Sometimes the opposite will happen. You’ll walk onstage, not immediately inspired with a clear initiation, but your partner will be, and you’ll keep your damn stupid mouth shut, and the other person will say the words they have in mind. And everything will be hunky dory.
But here’s what happens most often.
Both of you will have some half-formed idea of what to say, and both of you will sputter something out at the same time. Two entirely different ideas, now potentially fighting for attention.
There are different ways you can handle this, as an improviser. You can both brilliantly meld your two ideas — let the “accident” be the magic that leads to true originality. (These are often the best scenes.)
You can completely drop your idea, and wholeheartedly support your scene partner’s initiation. This is often a great way to go as well.
Or, you can allow some element of your idea to rest lightly in the back of your mind, ready to be used if it fits organically with the other person’s initiation…but let go of any specific conception you may have had, just moments before, of where you saw the scene heading.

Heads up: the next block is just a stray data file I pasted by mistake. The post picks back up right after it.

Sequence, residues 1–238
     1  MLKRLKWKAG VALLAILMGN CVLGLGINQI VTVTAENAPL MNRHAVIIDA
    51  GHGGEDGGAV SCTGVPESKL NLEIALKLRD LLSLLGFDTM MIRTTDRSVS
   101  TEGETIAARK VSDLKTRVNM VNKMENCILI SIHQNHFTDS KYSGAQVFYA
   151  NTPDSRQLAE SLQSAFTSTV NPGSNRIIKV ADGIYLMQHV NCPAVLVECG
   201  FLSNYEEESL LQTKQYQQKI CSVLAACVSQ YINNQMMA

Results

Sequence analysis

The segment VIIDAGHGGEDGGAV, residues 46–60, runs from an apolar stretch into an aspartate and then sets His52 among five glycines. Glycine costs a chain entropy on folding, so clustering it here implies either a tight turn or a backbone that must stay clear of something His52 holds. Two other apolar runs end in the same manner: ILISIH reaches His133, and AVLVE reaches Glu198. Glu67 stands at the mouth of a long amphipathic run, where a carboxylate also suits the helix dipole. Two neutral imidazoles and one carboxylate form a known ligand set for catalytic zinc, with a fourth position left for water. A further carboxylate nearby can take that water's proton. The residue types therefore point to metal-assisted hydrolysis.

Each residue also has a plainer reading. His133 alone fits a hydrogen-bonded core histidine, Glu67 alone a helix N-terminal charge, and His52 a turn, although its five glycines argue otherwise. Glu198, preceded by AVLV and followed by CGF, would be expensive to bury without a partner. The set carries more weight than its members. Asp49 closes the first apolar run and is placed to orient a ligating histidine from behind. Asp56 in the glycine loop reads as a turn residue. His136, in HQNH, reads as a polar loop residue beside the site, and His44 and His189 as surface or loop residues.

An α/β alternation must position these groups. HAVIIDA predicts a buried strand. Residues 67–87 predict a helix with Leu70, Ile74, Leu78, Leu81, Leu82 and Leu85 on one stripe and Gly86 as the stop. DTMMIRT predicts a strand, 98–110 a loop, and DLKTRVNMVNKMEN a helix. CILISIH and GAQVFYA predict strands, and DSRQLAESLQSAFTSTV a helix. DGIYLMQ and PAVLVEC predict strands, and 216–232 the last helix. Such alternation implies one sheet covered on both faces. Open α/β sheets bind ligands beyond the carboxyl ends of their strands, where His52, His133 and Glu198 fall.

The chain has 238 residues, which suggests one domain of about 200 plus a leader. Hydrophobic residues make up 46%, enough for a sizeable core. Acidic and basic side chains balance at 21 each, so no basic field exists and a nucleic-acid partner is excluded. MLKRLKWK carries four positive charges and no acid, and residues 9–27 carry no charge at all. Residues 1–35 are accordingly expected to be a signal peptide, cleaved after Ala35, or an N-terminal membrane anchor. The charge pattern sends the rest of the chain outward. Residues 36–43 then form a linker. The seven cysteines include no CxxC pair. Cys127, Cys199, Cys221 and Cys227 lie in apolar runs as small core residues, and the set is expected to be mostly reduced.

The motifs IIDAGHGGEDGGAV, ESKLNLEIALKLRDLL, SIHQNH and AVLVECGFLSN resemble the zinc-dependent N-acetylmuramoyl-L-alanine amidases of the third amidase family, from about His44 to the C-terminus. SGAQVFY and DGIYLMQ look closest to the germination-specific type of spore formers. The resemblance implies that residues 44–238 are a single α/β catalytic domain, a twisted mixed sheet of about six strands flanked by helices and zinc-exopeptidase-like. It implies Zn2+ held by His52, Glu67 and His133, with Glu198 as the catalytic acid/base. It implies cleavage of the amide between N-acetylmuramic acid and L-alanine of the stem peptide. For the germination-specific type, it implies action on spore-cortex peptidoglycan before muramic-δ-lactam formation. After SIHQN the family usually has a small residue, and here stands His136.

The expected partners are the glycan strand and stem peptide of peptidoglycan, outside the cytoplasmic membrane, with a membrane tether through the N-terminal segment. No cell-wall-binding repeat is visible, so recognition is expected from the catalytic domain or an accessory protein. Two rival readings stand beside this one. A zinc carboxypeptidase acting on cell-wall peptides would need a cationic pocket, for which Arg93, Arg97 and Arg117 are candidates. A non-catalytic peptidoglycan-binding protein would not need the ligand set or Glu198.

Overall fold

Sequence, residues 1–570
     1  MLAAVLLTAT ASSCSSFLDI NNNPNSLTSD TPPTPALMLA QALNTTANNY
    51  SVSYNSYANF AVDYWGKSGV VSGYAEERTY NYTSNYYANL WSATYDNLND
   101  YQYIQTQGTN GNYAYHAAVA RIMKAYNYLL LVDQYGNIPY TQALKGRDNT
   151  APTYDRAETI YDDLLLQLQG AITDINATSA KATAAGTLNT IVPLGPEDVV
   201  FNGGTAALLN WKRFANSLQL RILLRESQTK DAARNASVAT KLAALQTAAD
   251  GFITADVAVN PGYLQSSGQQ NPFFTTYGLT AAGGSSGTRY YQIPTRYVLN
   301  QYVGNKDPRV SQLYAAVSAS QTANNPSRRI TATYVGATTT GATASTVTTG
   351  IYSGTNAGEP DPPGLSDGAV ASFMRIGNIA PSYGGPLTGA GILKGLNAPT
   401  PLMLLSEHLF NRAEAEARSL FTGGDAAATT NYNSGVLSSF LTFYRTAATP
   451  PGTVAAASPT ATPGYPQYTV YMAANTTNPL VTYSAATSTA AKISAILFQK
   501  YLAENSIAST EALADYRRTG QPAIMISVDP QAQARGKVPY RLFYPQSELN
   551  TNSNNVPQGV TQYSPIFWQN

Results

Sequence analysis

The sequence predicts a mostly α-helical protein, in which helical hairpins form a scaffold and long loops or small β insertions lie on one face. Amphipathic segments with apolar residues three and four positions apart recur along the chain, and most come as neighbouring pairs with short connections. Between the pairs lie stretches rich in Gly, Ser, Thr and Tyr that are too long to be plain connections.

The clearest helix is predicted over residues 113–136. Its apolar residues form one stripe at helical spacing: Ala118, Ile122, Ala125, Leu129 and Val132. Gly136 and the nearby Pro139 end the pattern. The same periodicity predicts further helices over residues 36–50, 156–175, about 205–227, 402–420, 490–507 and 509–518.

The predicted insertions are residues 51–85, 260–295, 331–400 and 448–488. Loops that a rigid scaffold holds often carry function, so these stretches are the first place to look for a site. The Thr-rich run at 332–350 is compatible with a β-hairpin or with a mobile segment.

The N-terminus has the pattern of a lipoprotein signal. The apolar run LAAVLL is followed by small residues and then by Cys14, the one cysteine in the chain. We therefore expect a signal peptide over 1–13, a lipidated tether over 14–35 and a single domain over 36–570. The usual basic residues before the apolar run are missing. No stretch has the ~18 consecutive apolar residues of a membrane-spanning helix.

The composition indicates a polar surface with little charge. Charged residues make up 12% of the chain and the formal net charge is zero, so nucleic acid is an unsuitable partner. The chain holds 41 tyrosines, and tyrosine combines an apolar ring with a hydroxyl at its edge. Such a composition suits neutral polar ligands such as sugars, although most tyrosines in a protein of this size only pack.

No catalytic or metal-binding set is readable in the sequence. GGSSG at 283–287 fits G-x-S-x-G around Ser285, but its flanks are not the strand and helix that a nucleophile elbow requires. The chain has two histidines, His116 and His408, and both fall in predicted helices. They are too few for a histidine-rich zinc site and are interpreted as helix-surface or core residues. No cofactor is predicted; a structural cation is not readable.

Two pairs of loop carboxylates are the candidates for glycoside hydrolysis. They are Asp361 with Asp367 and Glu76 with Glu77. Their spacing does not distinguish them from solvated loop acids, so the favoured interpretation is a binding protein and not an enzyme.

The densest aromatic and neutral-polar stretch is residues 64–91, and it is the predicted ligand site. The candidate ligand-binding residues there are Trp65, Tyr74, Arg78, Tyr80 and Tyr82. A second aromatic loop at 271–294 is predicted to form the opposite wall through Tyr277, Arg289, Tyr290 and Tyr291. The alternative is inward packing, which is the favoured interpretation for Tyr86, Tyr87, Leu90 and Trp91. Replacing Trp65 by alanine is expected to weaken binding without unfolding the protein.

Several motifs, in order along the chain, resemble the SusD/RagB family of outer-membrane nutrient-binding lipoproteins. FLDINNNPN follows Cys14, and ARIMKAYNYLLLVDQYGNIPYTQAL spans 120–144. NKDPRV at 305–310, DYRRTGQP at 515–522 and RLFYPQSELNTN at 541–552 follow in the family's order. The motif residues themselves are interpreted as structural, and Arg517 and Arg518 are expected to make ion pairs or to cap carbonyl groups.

What made you think, walking out on stage, that you were a samurai, and your scene partner was your master? Maybe it was the way he looked at you, at first glance, in a way that made you feel he was in charge. What gave you the impulse to start a scene that took place at summer camp? Maybe it was because the audience suggestion of “pizza” made you remember how much you loved the crappy pizza they served in your old summer camp’s dining hall.
Even though the other actor on stage with you spoke first, and “labeled” your scene as being about something slightly different than what you had in mind, you can still retain some element of what inspired you before either of you spoke. An impulse, an emotion, a status-related assumption, a feeling about how the world works.
As a screenwriter, the relationship you have to the words on the page, as you begin typing them out in actual script form, is not unlike that of an improvisational actor walking out on stage and meeting up with another person…one who wants to work together with you to create a phenomenal scene, but who, to a certain extent, comes bearing his own ideas.